ON THE OHIO RIVER_Is it Friday already? As cruisers know, it’s easy to lose track of the days when you’re sailing — each day bleeds into the next.
But it is indeed Friday, and we are at our second to last port of call, Point Pleasant, West Virginia. The tours start later today, not until after lunch, so this morning we are free agents. For the boat, the first order of business is docking at a fuel depot to tank up — which, according to one of the workers, means a 30,000-gallon fill-up. Talk about pain at the pump.
The first activity of the day is the river lecture, where riverlorian Chris Wistey acquaints us with the history behind some common riverboat terms and phrases, which, as an English major myself, I always find interesting. For example, “hog wash” was coined by deck workers who had to clean up after the pigs the boat was transporting. And we all know that cabins on cruise ships are called “staterooms.” That came about because cabins were initially named for states, and the name stuck.
Next up, they assembled the entertainment team in the Grand Saloon to field questions from the guests. What’s impressive about this group is their deep level of experience and how they support each other in whatever task needs to be done.
After lunch, it was time to board the buses for our tour of Point Pleasant. With intermittent light rain falling, we grab an umbrella provided by American Queen and head for our bus. Like many other small towns along the Ohio, artists have painted large murals all along the flood wall. The walls were put in place after the disastrous floods of 1937 we are told, which must have been catastrophic for the entire region.
It’s a small town — less than 5,000 residents — founded in 1797 and named by George Washington. Located at the merger of the Kanawha and Ohio Rivers, we learn it’s the second oldest city on the Ohio River. There are five stops planned, and we opt to “hop off” at the third: Fort Randolph, a faithful replica of the original, built in 1776 to protect its residents from the Indians.
Tour guides in authentic garb of the period are on hand to tell us about the various buildings, their purpose and what life was like during that time. Major kudos to the townspeople we have encountered throughout this cruise, who have really rolled out the red carpet for us.
But of course, the real attraction I’m looking forward to seeing is the Mothman Museum, dedicated to the winged creature that allegedly terrorized the town in November, 1966. Eyewitness accounts at the time tell of a something six feet tall, with big red eyes and giant wings. It’s even being tied to UFO activity, the infamous Men in Black and the collapse in 1967 of the Silver Bridge, which killed over 40 people.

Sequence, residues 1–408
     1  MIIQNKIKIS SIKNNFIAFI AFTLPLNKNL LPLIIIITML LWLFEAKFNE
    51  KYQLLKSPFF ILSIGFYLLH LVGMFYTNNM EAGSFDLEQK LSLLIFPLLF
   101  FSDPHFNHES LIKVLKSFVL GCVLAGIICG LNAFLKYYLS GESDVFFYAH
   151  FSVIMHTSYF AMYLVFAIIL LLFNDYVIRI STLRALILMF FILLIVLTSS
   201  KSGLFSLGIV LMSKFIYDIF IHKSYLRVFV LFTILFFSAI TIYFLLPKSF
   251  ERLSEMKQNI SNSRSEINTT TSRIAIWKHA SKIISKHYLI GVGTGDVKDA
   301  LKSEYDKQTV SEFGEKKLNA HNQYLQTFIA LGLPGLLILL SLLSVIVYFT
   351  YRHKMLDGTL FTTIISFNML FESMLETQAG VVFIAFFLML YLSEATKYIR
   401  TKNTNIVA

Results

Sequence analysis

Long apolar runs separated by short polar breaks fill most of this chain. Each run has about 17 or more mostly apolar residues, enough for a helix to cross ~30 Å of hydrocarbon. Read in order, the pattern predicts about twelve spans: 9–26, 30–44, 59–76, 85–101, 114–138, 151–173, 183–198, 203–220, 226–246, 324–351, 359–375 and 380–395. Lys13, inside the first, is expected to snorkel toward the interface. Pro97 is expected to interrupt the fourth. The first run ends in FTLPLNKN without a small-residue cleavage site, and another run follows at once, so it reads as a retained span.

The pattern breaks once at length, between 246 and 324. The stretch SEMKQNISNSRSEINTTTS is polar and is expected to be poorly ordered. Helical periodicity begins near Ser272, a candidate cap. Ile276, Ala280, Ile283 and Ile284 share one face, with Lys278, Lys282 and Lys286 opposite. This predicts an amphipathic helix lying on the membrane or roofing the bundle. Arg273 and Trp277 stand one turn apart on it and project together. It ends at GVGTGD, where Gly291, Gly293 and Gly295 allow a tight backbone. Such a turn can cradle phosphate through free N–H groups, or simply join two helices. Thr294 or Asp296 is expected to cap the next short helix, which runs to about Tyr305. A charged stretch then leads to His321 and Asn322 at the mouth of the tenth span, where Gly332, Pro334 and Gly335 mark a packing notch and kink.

It gained notoriety mostly through a book by John Keel, “The Mothman Prophecies,” published in 1975, and a 2002 movie by the same name, starring Richard Gere.
Whatever you choose to believe, believe this: The Mothman Museum is the most happening place in town. Pam indulged me as I viewed old newspaper clippings, took selfies with Mothman replicas and did a deep dive into the legendary monster. Bless her heart, she even bought me a Mothman T-shirt.
Every September, they hold a Mothman Festival, which attracts three times more people than live in the town. But enough of the Mothman; time to make the short walk back to the boat.
One note about that: Getting on and off the boat just involves swiping your boat card. There are no metal detectors or checking bags and belongings, as they do on most cruises we’ve taken. We’re not used to that.
The late afternoon is off to a good start at the Captain’s Bar, where the Steamboat Syncopators are doing a set of Duke Ellington jazz, one of our favs. Their versions of “The ‘A’ Train,” “In a Sentimental Mood” and “It Don’t Mean a Thing” had guests clapping their approval.
Next up was the port talk, detailing our upcoming visit to Marietta, OH., followed by tonight’s show, “Over the Rainbow,” featuring vocalist Mandy Kerridge and the Steamboat Syncopators. She has an outstanding voice, which was showcased on a stirring rendition of “Don’t Rain on My Parade.”
Our dinner featured pecan-encrusted corvina (excellently prepared) and for dessert, Tennessee Whiskey Cake. While we dined, American Queen entered another lock on the river. It didn’t appear we had a lot of room to spare as we went through. Our captain knows what he’s doing for sure.
Afterwards, we walked the top deck and were treated to a beautiful sunset, creating golden ripples across the river while the boat’s paddlewheels threw spray in the air. It was the perfect way to end the day.
And in case you were wondering: No sign of the Mothman.
PHOTOS: by Gerry Barker
- Sunset creates a golden glow on the Ohio River (Cover Photo)
- The Mothman Museum
- I take a selfie. Is the Mothman smiling or licking his chops?
- Inside one of the buildings at Fort Randolph. The original was built in 1776.
See sailings here American Queen Voyages Cruises (cruisecompete.com)
See earlier American Queen posts here